As a UNAIDS report, however, shows, an estimated 25% of people with HIV or 9.4 million people remain undiagnosed and don't know their infection status. Figures aren't available for India but around 20 percent of the 1.2 million Americans infected with HIV are  unaware of their status. HIV is a reportable status in the US, which means that a positive test result will be reported to the state health department. It is possible fear prevents people from HIV testing which would protect them  and their loved ones. In other words, save their lives. The good news for those apprehensive of stigma and discrimination is they can resort to innovative HIV-self-testing and partner notification.

In the run-up to December 1, World AIDS Day, the UN issued a clarion call for

raising awareness about the importance of knowing one’s status and calling for the removal of all barriers to accessing HIV testing. Needless to say, HIV testing programmes must be expanded.  And affordable drugs be made easily available. Starting ART early can prevent serious AIDS-related (and non-AIDS-related ) diseases.  HIV therapy can reduce the risk of transmission by 96%. Around 21.7 million people were receiving HIV treatment in 2017. Globally though, only 59% of the 36.9 million people living with HIV  were receiving ART.

The price of drugs is a barrier— since  those infected by greed and avarice make HIV drugs either unavailable or more expensive than other essential medications. Not just the AIDS virus, people have to be  wary of germs that take advantage of the immune system weakened by HIV.  Thankfully,people with healthy immune systems are unaffected by these germs.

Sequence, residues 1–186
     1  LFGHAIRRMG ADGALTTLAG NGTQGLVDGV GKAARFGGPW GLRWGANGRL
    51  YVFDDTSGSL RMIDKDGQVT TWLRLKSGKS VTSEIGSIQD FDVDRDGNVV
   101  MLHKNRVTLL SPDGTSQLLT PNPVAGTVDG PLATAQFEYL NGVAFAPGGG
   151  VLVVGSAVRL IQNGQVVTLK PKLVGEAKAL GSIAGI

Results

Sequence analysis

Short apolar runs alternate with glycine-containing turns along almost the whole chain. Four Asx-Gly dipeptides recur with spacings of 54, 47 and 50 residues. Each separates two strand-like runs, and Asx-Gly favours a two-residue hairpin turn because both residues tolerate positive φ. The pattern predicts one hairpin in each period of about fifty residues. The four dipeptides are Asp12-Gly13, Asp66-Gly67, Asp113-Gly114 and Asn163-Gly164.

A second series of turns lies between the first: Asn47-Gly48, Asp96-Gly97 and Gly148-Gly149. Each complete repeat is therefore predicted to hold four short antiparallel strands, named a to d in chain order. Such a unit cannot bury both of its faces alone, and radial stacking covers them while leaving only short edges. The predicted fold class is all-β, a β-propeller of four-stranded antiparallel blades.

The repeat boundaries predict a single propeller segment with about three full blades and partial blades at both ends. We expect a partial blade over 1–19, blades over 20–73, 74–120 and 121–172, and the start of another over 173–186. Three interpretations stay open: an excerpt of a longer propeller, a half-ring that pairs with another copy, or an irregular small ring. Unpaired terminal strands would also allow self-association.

For the weak, HIV remains an insidious enemy which attacks  CD4 cells which  find and destroy bacteria, viruses, fungi, and other invasive germs. Without these soldier CD4 cells to fight them, the resulting infections can lead to  fevers, weight loss, lung infection, cancers ( men are more likely to develop a cancer called Kaposi's sarcoma) and illnesses like candidiasis or thrush, a fungal infection in  the mouth, throat, or vagina, and cryptococcus neoformans (Crypto), a fungus that can lead to meningitis. Other viruses can affect the gut, cause encephalitis, TB, eye disease  leading to blindness,severe diarrhea and ulcers. In 2016, at least one million of the 10.4 million people who developed TB worldwide were HIV-positive. That year, approximately 370,000 deaths from TB occurred among  HIV sufferers.

That's not all. Herpes viruses cause bad sores around the mouth and on genitals. HIV causes brain and nerve problems; the infected can suffer from depression, hallucinations, paranoia and think murderous thoughts; this is known as ‘AIDS Dementia’.  When we were green and callow, one of our  favourite catchphrases was "It's all in the mind!" Doctors and scientists know the brain can change and adapt in response to compulsive behaviors thereby averting harmful consequences of sex/drugs. It would be well to keep that in mind in the knowledge that there is no cure for HIV infection.

‘HIV can be kept under control’

Dr Kirti Sabnis,  Consultant, Infectious Disease, Fortis Hospital, Mulund answers FAQs on HIV/AIDS